Your attack surface is dynamic and so is the threat landscape. Focus your security efforts on risk to critical assets, by considering the attack surface as a whole. This includes cloud as well as traditional desktop/server environments. Many organizations are blind to the hybrid (cloud and on-prem) attack surface and can’t see how attackers can move between environments.

  1. Create comprehensive visibility through graph-based mapping

Implement visual mapping of all attack paths across AWS, Azure, GCP, multi-cloud, on-prem, SaaS and hybrid environments to gain insights into the most effective remediation actions. Calculate all relationships between vulnerabilities, misconfigurations, user privileges, security gaps and user actions just like an attacker would to reach your critical assets.

  1. Empower security operations to mitigate real-world threats

Provide solid and clear reasoning behind remediation recommendations to align IT ops and cybersecurity teams. Sift through the noise and empower IT and security teams with step by step remediation guidance to focus on fixing real issues versus just responding to another alert.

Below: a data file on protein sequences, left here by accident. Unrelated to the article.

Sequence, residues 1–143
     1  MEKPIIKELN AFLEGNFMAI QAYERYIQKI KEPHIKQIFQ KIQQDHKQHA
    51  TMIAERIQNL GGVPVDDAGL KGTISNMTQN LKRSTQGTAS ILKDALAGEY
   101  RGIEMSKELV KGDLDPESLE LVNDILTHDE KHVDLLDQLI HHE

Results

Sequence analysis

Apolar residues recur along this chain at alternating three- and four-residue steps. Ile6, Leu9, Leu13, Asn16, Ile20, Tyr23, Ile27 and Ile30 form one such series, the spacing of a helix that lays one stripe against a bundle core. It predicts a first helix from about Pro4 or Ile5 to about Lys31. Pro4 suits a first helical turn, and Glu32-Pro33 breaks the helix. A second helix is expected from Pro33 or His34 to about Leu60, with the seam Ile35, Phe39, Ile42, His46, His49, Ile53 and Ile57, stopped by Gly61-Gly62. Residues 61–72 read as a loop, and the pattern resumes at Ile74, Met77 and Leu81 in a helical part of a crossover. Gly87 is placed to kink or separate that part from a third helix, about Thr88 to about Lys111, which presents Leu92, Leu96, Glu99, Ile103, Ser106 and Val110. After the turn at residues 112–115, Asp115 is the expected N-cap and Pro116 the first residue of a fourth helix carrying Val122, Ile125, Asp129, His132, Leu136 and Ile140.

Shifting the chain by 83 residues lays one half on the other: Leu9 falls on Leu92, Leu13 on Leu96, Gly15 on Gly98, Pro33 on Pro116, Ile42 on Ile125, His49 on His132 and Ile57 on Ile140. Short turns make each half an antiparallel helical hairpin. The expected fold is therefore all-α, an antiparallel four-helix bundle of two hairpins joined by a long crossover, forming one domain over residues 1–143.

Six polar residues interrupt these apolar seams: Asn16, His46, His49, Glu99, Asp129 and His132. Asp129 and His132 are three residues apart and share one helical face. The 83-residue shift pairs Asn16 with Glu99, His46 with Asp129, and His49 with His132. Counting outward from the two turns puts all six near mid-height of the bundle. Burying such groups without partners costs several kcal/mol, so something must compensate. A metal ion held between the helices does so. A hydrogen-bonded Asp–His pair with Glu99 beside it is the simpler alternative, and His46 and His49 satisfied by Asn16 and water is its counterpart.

1. Make sure your teams are working correctly with a remediation methodology in place 

Prepare for the next cyberattack with a tiering model that makes sense for your organization. Back this up with operational models on business as usual – not only after an attack begins. Empower the IT team with knowledge for prioritizing mitigation activities by providing them with business context for risk.

What Can be Done?

According to XM Cyber’s research, 80% of issues lead to dead ends, i.e. can’t actually compromise the business. This means that while the attack surface is enormous, the relevant attack vectors are actually limited. However, the issue is finding out which one are the choke points – i.e., the points where attack paths meet up –  that will allow attacks to proceed. Adopting a solution that effectively directs your limited resources to fix issues at specific choke points quickly reduces your overall attack surface risk and dramatically shrinks the number of potential attack paths. 


mxcyber

Batya Steinherz